This is where the difference between the Fed and the ECB is particularly interesting. The Fed’s announcements last month set the stage for QE III. Such a move would shift further risk from the strained public and private sectors. Both the Fed and the Bank of England have since the start of the crisis purchased assets and hence removed risk from financial markets – assets come off private sector balance sheets, and the risk in those securities is eliminated from the financial system.
The ECB is unable to embark on quantitative easing because they are constrained by law. Instead of buying treasury bonds from government, the ECB has purchased credits in the secondary market. These are not outright purchases, but repurchase agreements, lending to banks against a pledge of collateral. Milton Friedman would argue that these two actions have the same implications (in that they constitute an increase to the money supply). However, this ignores the implications for the allocation of risk. In the case of the ECB, the risk attached to securities does not shift from the public or private balance sheet, as banks are still responsible in the case of a default. James Tobin would counter that ECB credit easing operations are not as effective in mediating the economic crisis at the quantitative easing of the Fed, as they do not remove interest rate or default risk from the strained system. There is still an effect, as such purchases allow private banks to be financed at a time of great financial strain, but it is limited.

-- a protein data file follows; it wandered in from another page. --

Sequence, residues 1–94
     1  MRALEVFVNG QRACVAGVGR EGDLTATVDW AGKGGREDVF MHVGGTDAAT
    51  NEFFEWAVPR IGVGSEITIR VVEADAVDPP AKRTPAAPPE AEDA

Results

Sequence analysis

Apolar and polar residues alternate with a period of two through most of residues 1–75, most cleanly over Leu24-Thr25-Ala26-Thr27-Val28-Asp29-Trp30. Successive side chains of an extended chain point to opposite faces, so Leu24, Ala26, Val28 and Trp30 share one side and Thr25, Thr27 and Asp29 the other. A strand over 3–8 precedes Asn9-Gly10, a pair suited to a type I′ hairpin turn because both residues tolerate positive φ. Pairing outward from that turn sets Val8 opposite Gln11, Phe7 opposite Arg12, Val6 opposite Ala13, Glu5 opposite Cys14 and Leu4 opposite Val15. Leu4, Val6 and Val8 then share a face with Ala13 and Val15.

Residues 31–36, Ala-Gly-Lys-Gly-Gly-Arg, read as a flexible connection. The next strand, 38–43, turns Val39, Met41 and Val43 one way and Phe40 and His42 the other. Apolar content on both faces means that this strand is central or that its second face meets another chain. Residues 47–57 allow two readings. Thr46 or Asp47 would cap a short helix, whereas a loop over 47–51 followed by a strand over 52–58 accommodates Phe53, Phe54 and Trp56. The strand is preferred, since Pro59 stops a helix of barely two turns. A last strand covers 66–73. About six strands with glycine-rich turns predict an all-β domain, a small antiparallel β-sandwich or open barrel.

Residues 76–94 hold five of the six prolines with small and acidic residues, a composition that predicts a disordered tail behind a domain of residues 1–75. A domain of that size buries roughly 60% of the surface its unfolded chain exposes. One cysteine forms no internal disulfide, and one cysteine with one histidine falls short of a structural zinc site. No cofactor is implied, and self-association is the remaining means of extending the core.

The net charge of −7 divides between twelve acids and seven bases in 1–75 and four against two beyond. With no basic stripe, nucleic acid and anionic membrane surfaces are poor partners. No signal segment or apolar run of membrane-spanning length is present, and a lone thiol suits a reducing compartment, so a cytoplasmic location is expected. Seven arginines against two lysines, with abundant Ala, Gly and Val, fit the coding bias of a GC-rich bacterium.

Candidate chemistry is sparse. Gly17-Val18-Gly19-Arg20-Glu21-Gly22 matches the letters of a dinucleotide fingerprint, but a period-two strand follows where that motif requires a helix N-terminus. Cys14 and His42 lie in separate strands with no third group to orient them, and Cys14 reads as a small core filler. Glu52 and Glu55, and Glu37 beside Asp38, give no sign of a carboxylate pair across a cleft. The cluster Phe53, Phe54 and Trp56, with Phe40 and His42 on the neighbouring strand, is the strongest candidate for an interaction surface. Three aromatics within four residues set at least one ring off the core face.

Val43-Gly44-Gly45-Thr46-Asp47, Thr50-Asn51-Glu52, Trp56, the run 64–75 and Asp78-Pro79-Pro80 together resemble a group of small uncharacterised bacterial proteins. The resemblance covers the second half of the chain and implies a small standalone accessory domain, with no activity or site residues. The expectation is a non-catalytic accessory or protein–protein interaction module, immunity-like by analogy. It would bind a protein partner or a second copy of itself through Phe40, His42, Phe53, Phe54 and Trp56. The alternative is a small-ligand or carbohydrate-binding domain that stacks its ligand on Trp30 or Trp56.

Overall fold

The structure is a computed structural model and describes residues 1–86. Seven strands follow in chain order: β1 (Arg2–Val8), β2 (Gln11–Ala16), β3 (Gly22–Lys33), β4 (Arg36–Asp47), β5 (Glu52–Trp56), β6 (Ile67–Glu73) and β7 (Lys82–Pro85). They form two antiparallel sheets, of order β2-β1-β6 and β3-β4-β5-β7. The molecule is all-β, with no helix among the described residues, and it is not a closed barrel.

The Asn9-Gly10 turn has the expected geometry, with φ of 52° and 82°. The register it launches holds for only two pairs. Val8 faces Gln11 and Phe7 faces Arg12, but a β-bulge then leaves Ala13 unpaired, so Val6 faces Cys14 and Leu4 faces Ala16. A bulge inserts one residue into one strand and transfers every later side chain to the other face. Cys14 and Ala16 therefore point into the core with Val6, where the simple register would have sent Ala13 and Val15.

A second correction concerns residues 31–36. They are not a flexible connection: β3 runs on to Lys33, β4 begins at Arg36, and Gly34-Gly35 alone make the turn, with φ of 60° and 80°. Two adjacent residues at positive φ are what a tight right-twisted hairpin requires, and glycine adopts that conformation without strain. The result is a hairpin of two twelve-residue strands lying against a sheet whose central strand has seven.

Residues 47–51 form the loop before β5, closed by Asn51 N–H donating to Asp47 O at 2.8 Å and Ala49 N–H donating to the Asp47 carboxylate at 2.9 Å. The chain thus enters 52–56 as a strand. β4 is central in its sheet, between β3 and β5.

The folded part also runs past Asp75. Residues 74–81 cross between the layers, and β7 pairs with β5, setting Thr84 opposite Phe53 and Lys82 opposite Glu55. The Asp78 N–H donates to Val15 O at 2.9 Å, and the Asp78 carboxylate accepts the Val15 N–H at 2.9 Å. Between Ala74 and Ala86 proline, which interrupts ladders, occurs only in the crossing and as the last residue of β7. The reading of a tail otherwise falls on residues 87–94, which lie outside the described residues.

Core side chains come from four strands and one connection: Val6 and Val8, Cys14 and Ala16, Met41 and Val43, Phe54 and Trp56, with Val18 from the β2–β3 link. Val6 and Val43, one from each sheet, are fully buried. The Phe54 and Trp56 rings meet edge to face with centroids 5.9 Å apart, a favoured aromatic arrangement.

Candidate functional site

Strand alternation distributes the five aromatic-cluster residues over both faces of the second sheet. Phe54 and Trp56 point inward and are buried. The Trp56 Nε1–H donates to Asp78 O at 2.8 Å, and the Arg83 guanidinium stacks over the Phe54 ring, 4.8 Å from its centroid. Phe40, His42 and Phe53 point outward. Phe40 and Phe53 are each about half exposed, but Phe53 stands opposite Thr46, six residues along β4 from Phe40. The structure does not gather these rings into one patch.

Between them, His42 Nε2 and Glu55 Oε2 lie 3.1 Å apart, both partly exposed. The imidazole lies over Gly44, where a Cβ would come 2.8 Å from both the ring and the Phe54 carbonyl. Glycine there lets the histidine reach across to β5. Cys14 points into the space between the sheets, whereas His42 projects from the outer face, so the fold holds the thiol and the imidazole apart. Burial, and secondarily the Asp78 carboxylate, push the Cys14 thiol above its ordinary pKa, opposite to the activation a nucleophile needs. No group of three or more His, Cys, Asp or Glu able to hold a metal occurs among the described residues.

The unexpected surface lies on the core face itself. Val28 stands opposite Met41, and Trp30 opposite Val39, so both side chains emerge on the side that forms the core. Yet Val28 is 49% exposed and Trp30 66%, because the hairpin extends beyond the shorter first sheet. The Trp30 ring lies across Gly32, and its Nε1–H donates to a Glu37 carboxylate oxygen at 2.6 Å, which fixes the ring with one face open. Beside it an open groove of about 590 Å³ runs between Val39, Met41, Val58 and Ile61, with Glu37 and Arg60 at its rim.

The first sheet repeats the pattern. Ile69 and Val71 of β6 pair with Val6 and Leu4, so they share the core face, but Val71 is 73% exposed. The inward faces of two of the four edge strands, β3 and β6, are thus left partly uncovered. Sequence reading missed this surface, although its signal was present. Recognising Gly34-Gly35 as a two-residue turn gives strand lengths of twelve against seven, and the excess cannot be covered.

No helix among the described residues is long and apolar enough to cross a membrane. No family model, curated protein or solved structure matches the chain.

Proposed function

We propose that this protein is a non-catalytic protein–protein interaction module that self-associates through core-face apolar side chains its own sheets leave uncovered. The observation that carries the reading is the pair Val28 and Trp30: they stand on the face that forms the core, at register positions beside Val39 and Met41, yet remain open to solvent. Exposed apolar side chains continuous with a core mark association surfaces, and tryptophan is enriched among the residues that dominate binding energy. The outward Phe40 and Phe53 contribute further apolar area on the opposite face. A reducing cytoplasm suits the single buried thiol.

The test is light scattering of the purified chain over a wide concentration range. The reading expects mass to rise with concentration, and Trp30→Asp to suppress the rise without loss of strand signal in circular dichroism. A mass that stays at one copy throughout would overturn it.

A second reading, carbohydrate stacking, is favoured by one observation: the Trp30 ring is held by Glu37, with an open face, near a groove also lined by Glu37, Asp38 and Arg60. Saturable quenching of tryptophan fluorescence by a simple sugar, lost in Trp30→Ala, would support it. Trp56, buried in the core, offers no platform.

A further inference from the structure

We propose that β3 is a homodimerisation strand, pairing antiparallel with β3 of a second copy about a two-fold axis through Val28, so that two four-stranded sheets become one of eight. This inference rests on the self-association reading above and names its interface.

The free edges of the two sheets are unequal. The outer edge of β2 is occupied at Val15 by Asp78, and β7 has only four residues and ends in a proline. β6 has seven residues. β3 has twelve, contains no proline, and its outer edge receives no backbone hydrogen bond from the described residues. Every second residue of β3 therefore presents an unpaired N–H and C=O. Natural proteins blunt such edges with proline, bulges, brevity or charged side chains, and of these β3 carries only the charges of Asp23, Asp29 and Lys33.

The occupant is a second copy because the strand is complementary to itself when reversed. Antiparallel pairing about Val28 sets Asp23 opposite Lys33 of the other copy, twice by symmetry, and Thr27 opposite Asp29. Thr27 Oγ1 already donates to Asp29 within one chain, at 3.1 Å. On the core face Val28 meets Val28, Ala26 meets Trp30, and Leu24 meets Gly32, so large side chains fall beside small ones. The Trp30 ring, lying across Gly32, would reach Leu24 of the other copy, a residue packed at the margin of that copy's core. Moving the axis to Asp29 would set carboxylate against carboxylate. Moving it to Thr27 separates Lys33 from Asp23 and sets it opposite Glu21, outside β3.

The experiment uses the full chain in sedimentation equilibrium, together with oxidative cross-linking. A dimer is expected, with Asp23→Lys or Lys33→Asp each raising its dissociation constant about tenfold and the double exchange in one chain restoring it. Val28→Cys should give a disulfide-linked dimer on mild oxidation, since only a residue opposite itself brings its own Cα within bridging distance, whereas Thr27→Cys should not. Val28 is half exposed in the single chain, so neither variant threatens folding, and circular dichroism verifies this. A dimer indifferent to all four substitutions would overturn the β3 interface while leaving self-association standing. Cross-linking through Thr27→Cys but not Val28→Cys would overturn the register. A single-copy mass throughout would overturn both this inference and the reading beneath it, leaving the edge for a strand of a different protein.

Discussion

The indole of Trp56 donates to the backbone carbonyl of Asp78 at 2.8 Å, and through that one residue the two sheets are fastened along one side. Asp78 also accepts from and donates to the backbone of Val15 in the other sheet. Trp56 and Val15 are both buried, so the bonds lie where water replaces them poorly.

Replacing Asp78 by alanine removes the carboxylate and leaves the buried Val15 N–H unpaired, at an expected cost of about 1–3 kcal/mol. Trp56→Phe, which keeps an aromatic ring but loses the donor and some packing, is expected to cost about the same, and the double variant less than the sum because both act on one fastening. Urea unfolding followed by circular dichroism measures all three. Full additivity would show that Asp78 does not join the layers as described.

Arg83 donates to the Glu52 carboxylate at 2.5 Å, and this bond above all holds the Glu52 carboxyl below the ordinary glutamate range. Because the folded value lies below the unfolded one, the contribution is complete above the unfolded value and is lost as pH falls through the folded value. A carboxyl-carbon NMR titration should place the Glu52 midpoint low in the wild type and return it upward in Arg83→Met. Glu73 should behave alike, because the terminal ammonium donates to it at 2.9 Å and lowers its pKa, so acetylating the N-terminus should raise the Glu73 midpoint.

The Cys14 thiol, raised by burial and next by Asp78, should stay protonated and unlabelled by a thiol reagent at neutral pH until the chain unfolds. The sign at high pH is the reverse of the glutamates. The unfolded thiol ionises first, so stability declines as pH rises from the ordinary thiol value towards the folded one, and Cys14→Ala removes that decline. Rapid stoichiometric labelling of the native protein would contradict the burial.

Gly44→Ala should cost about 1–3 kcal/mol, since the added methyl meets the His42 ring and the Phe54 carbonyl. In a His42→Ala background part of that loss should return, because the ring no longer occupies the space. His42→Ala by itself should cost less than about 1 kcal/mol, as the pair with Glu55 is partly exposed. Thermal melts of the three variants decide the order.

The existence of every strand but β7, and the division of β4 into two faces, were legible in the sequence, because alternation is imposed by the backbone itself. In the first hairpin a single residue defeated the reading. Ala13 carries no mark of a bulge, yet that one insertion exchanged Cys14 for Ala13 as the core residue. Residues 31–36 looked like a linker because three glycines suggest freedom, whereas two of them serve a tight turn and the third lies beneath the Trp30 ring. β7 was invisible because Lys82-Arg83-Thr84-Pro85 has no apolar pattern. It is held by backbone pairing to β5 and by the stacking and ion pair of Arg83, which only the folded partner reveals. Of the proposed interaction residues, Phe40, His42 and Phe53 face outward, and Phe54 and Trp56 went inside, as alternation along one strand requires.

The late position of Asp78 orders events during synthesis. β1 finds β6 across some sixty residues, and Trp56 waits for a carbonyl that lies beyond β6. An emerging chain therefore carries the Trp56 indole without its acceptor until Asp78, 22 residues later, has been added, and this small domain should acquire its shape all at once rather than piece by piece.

iii. Moving Forward with QE